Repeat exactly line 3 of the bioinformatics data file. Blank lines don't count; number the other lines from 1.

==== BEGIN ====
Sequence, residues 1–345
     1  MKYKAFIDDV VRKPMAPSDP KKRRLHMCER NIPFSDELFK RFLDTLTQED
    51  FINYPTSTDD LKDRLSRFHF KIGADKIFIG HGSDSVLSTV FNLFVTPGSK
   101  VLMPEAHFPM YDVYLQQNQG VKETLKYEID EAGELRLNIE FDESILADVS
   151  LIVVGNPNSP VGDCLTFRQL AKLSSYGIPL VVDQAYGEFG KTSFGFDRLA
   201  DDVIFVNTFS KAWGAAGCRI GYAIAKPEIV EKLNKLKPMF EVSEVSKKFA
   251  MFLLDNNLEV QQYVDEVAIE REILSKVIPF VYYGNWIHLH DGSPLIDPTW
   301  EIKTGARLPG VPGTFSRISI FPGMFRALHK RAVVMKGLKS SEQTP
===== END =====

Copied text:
    51  FINYPTSTDD LKDRLSRFHF KIGADKIFIG HGSDSVLSTV FNLFVTPGSK